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Story Publication logo March 30, 2022

Civilians Endure Intense Suffering as Russian Shelling Reduces Kharkiv to ‘a Smoking Ruin’

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Kharkiv near the Russian border in northeastern Ukraine is majority ethnic-Russian and the nation's second-largest city. Now, many of its people have fled thunderous Russian airstrikes and artillery that have reduced this Ukrainian center of culture, learning and industry to a shell of its former self. Special correspondent Jack Hewson and filmmaker Ed Ram report from the embattled city.


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Judy Woodruff: And now to the city of Kharkiv near the Russian border in Northeastern Ukraine. It is majority ethnic Russian, and is Ukraine's second-largest city, or at least it was. Now many of its people have fled thunderous Russian airstrikes and artillery that have reduced this Ukrainian center of culture, learning, and industry to a shell of its former self.

Special correspondent Jack Hewson and filmmaker Ed Ram have been in Kharkiv for more than a week, and they sent us this report.

And a warning: Images and accounts in this story may be upsetting.

Jack Hewson: As the war in Ukraine burns on, northeastern Kharkiv has been reduced to a smoking ruin, building after building crushed in by shells, peppered with shrapnel, a residential district reduced to a wasteland, less than a mile from the front line, those that remain are dependent on volunteers like Oleksandr and Zoia.

They bring food to those who cannot leave. But it's dangerous work. Here in Saltivka district, people fear what comes from above. The area has taken the brunt of Russia's daily shelling. Thousands have left.

Man: She welcomes us.

Jack Hewson: For those that stay, life has moved underground.

Woman (through translator): The VIP ward.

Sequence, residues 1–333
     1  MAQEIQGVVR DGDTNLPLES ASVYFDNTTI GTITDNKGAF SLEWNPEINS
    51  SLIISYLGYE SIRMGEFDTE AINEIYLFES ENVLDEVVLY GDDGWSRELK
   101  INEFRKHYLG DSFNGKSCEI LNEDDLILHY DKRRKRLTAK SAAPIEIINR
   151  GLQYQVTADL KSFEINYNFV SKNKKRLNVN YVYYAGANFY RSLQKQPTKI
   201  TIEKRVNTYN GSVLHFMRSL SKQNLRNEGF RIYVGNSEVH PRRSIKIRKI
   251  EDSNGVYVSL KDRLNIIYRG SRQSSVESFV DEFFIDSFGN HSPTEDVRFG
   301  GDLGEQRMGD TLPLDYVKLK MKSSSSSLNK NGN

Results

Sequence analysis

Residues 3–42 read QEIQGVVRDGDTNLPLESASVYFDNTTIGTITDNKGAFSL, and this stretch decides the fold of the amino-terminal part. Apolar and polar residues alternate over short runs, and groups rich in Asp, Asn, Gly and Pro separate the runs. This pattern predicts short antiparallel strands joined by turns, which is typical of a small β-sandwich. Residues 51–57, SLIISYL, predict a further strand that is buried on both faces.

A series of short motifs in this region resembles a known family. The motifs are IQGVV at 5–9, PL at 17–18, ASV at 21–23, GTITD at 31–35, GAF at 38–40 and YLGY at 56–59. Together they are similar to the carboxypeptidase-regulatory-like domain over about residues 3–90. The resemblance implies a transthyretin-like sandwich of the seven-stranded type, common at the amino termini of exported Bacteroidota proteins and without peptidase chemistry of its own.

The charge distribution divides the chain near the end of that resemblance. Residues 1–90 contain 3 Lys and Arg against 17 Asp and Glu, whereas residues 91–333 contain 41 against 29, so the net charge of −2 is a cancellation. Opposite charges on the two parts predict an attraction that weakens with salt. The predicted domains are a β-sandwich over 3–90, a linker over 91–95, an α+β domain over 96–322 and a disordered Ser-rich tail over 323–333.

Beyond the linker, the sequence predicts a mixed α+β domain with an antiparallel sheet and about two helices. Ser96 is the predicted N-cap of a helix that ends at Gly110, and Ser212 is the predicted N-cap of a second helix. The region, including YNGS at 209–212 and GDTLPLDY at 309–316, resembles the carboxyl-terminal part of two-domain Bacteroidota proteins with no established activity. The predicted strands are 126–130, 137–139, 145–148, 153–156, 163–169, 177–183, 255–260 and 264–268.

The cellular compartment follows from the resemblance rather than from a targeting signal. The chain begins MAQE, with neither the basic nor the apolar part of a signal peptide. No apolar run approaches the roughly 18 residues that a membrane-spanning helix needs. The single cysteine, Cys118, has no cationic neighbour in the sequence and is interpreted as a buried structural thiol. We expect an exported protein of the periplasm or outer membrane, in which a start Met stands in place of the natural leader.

Jack Hewson: Fourteen people now live in this basement hiding in fear night and day.

Alexei, Kharkiv Resident (through translator): Sometimes, the shelling becomes so hard that the building shakes.

Galina, Kharkiv Resident (through translator): We got so scared. Even the floor in the basement starts shaking heavily.

Alexei (through translator): Did you see the totally destroyed building over here? That's how it's been.

Jack Hewson: Despite being ethnically Russian himself, Dmitri has only ironic asides for the onslaught of Russian artillery.

Dmitri, Kharkiv Resident (through translator): It's very strange how the Russians try to protect Russians in Ukraine with shelling, bombs, and so on.

Better to do this in their homeland, in Russia. Before this war, as a Russian, I had absolutely no problems in Ukraine. But now I have been living in the basement for a month.

Jack Hewson: The endless booms fray the nerves, but some still risk living above ground. Even after a near-miss, Vitali remains here in his apartment. It's his only source of electricity and heat.

Man: He said he was smoking right in time when bomb passed. And he was smoking right there.

Jack Hewson: Are you not worried, and there's so many bangs around here, that it could happen again?

Vitali, Kharkiv Resident (through translator): How can I explain? We just want to stay alive.

Jack Hewson: So, what happened after that? Where did he go? Has he stayed here ever since then?

Vitali (through translator): We will hold on as long as it takes. There is no other way out.